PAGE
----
A torrent of canceled conventions, shows and special events slammed Las Vegas Strip casino operators for a second straight day Thursday as a result of the coronavirus outbreak, underscoring the pandemic’s blow to the valley’s tourism economy, its largest employers and the hundreds of thousands of residents whose livelihoods depend on it.
“We need to temporarily implement fundamental changes to our business,” Wynn Resorts CEO Matt Maddox said Thursday after announcing that the company’s properties would temporarily cancel all large entertainment gatherings, beginning this weekend.
No buffets. No nightclubs. No theater performances.
At least 17 Las Vegas conferences, which would have brought an estimated 290,000-plus combined visitors to town, had been called off or postponed as of Thursday.
The 2020 ConExpo-Con/Ag construction equipment show, which was expected to draw 130,000 attendees, announced it was ending the event on Friday, a day early, because of coronavirus concerns.
Cirque du Soleil cut its performance schedule in half, from two nightly shows at Strip resorts to one.
The remaining games of the Pac-12 men’s basketball tournament at T-Mobile Arena were canceled, as were the Western Athletic Conference men’s and women’s conference basketball tournaments at Orleans Arena.
Hotel rooms that were listed for more than $100 last week were available on travel websites for as little as $12 per night, a sign of extremely low demand. One restaurant introduced an “all-you-can-drink” happy hour early in the afternoon to fill the tables typically packed with business types with company expense accounts.
Conventions — big and small — are the lifeblood of the Las Vegas economy.
One report from the Las Vegas Convention and Visitors Authority found Las Vegas conventions and business meetings generated $6.3 billion of direct economic impact and about 6.6 million business travelers in 2018.
The visitation drop is already visible on the Strip.
On Thursday morning, there were more employees cleaning walkways than tourists strolling parts of Las Vegas Boulevard.
At The Mirage, employees said business has been helped immensely by the ConExpo-Con/Ag convention. One employee, who did not want to give his name because he did not have permission to speak to the media, said he worries about a tourism decline now that several conventions have been canceled.
“You know how this will affect our whole city,” he said.
The Las Vegas Convention and Visitors Authority declined to comment on the convention cancellations.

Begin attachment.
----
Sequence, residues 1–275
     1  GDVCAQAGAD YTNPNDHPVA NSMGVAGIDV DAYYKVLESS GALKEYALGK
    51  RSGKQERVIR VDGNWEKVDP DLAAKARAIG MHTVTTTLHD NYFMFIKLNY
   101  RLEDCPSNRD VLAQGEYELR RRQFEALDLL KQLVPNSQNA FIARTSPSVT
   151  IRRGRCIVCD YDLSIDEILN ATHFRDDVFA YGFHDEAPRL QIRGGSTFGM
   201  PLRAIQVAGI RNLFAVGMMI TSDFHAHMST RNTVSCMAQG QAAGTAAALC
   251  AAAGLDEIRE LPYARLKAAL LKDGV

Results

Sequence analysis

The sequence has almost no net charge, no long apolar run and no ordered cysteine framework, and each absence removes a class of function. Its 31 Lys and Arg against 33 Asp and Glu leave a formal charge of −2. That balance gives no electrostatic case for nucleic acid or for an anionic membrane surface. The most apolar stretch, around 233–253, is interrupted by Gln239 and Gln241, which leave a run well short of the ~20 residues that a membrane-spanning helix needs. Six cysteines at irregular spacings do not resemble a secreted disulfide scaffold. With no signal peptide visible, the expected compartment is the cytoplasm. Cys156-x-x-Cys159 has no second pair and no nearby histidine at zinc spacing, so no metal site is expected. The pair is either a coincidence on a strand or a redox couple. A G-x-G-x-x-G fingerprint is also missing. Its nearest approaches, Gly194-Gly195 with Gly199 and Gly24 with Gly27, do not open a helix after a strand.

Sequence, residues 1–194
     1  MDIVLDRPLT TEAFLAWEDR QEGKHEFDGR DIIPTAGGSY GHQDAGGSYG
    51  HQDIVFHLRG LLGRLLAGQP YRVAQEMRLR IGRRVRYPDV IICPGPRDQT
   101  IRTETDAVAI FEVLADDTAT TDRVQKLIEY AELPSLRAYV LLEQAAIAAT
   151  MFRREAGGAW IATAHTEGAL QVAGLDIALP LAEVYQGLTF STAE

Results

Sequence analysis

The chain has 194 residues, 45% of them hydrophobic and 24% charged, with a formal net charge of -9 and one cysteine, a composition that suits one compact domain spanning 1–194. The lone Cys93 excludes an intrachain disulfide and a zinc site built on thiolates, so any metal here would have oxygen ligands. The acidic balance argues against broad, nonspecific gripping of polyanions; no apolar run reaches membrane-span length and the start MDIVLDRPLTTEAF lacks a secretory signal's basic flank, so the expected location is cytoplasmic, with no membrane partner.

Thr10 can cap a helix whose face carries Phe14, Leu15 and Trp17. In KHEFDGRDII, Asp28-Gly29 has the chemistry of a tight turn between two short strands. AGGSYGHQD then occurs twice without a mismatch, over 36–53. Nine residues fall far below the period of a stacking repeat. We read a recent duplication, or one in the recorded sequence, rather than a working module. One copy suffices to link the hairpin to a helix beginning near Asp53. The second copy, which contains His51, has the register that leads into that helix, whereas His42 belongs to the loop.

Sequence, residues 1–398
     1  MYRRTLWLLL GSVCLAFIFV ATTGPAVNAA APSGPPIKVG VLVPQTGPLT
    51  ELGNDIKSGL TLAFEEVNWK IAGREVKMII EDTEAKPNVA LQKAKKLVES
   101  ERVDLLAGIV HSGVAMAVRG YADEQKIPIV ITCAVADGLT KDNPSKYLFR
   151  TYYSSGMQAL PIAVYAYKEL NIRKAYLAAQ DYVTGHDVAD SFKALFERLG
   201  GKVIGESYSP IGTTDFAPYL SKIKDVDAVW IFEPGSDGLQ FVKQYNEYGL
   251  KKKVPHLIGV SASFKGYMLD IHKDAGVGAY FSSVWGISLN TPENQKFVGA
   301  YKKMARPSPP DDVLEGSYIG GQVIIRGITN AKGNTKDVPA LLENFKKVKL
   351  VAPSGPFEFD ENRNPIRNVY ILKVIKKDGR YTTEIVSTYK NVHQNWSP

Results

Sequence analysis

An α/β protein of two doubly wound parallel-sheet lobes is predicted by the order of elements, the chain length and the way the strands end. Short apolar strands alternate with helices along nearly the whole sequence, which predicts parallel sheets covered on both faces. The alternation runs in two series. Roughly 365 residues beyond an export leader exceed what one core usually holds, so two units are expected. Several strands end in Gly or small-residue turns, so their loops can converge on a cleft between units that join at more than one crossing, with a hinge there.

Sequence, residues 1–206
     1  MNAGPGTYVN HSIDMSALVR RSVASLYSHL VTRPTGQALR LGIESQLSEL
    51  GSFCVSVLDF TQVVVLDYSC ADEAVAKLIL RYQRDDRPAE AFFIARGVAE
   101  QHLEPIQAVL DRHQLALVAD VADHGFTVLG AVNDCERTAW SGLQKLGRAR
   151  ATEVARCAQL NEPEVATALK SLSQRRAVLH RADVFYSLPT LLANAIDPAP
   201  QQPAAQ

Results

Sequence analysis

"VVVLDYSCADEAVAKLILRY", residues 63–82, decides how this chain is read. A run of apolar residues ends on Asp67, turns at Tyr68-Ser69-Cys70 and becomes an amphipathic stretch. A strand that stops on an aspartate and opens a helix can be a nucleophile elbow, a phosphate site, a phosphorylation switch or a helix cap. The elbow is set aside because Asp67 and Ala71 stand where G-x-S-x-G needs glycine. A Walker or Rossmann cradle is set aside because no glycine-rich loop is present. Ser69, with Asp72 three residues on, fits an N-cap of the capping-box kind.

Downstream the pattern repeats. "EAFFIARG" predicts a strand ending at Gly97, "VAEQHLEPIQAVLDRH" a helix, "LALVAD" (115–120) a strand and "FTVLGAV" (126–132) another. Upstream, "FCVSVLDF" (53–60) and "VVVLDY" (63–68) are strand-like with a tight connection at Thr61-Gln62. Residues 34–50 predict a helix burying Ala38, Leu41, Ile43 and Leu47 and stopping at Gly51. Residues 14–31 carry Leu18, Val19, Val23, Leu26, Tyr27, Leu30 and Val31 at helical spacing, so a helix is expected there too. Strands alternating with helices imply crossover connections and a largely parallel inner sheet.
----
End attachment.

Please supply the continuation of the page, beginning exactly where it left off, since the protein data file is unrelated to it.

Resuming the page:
A number of Las Vegas casino operators already were hurt by the virus’ impact overseas.
MGM Resorts International, Las Vegas Sands Corp. and Wynn Resorts Ltd. all have properties in Macao, a Chinese territory that shut down casinos for 15 days last month to curb the spread of the virus.
The impact was significant; Maddox said the closures cost Wynn between $2.4 million and $2.6 million a day.
“For the operators that operate in Macao as well as in Las Vegas … they’ve already seen a downturn,” said Brendan Bussmann, a partner at Global Market Advisors.
Macquaire analyst Chad Beynon said it’s difficult to know what sort of impact the virus will have on local casino operators, but they’ll likely take a hit in the near term.
“Margins will get hurt significantly,” he said.
Casino workers on the Strip are starting to notice a slowdown in business.
Jerome Olaso, vice president of operations at the Nectar Bath Treats located at The Mirage, said he’s been on the ground this week checking on the stores’ traffic. He said the opening of pool season Saturday was surprisingly empty, and he noticed traffic was a bit low for this time of year.
“This is typically the type of traffic we’d see in January, right after the holidays,” he said.
But he said the Nectar, which sits just inside the pool area at The Mirage, has seen a steady flow of families, which is the usual clientele.
“We’re still ringing up customers,” he said.
Wynn Resorts spokesman Michael Weaver, Las Vegas Sands Corp. spokesman Ron Reese, and Brian Ahern, spokesman for MGM Resorts International, had no comment. Richard Broome, spokesman for Caesars Entertainment Corp. declined to comment.
The Review-Journal is owned by the family of Las Vegas Sands Corp. Chairman and CEO Sheldon Adelson.
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